Unfortunately, of course, we have to read Paul’s words without the benefit of knowing all the background to his letters, but it certainly seems reasonable to suppose that his attack here is on a complex set of behaviours to do with people who reject the message of Christianity and continue to adhere to older religions. It seems clear that Paul’s reference was not a dedicated attack on loving same-sex relationships, but his condemnation focused on people who were normally heterosexuals who had been prevailed upon to rebel against their own sexual nature, in the granting of sexual favours to the leaders of pagan religions, in expectation of reward by the pagan gods.

So whilst his apparent rejection of homosexual behaviour seems unambiguous, the context of the comments is much more complex.

In conclusion, nowhere in the Bible, according to many Biblical scholars, is any unambiguously negative reference made to stable, loving same-sex relationships. And after all, it is now widely agreed that anything up to 5-10% of the population identify themselves as predominantly “gay” as regards their sexual preferences. Are 5-10% of those sections of the Bible discussing relationships dedicated to condemning their choice? Undoubtedly not.

In fact, many gays argue that two positive references appear in the Hebrew scriptures of love between two people of the same sex:

2 Samuel 1:26 states: “I am distressed over you, my brother Jonathan, very pleasant you were to me. More wonderful was your love to me than the love from women.”

Ruth 1: 16, 17 states: “And Ruth proceeded to say: ‘Do not plead with me to abandon you, to turn back from accompanying you; for where you go I shall go, and where you spend the night I shall spend the night. Your people will be my people, and your God my God. Where you die I shall die, and there is where I shall be buried. May Jehovah do so to me and add to it if anything but death should make a separation between me and you’.”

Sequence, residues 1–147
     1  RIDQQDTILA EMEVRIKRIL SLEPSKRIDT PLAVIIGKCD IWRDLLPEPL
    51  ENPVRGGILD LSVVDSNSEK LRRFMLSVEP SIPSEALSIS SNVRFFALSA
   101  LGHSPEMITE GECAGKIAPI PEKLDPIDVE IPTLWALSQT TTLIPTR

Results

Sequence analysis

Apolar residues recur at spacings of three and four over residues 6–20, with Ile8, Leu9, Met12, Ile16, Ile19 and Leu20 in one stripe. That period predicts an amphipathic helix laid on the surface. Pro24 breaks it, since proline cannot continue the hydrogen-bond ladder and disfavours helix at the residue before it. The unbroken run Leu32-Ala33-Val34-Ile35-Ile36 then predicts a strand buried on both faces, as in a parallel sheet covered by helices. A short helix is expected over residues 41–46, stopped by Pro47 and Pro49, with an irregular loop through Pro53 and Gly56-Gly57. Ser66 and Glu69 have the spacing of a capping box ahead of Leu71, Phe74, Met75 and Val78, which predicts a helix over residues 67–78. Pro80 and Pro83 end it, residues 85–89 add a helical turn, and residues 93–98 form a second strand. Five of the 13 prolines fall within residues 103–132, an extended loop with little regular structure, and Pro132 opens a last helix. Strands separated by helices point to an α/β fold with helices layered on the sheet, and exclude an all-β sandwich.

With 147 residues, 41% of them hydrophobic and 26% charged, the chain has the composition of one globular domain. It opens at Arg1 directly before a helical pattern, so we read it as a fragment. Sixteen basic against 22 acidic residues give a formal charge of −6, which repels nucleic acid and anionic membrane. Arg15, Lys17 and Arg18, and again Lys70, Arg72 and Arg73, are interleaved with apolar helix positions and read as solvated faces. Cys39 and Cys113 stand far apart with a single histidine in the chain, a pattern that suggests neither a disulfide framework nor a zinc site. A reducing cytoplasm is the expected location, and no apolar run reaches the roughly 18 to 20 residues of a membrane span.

And while it must immediately be conceded that no mention is made of actual sexual activity between these people, it must also be pointed out that these couples had therefore made covenants with each other. And to the ancient Israelites, a covenant was viewed as a holy bond; a powerful uniting of two people.

We all have to wrestle with the truth of this matter in our hearts. Personally, I find it much more helpful to see what the Bible is arguing for, rather than what it is arguing against. Those who are currently affected by some Christians’ negative stance towards gays and lesbians should perhaps also seek comfort in the much greater preponderance in the Bible of messages of inclusion, acceptance, tolerance and understanding.

And the injunction, “Judge not, that ye be not judged.”

Post Scriptum

A correspondent kindly reminded me of this hilarious spearing of the literal truth of the Old Testament, from 2002. The introductory quotation is from that era:

The power of logic and quiet humour – “Dr Laura’s” anti-gay viewpoints – for which she later apologised – sparked a worldwide internet phenomenon which did more to mock anti-gay beliefs based on the OT than anyone could have imagined.

Dr. Laura Schlessinger is a radio personality who dispenses advice to people who call in to her radio show.

Recently, she said that, as an observant Orthodox Jew, homosexuality is an abomination according to Leviticus 18:22 and cannot be condoned under any circumstance.

The following is an open letter to Dr. Laura penned by a east coast resident, which was posted on the Internet. It’s funny, as well as informative:

Dear Dr. Laura

Thank you for doing so much to educate people regarding God’s Law. I have learned a great deal from your show, and try to share that knowledge with as many people as I can.

When someone tries to defend the homosexual lifestyle, for example, I simply remind them that Leviticus 18:22 clearly states it to be an abomination. End of debate. I do need some advice from you, however, regarding some of the other specific laws and how to follow them: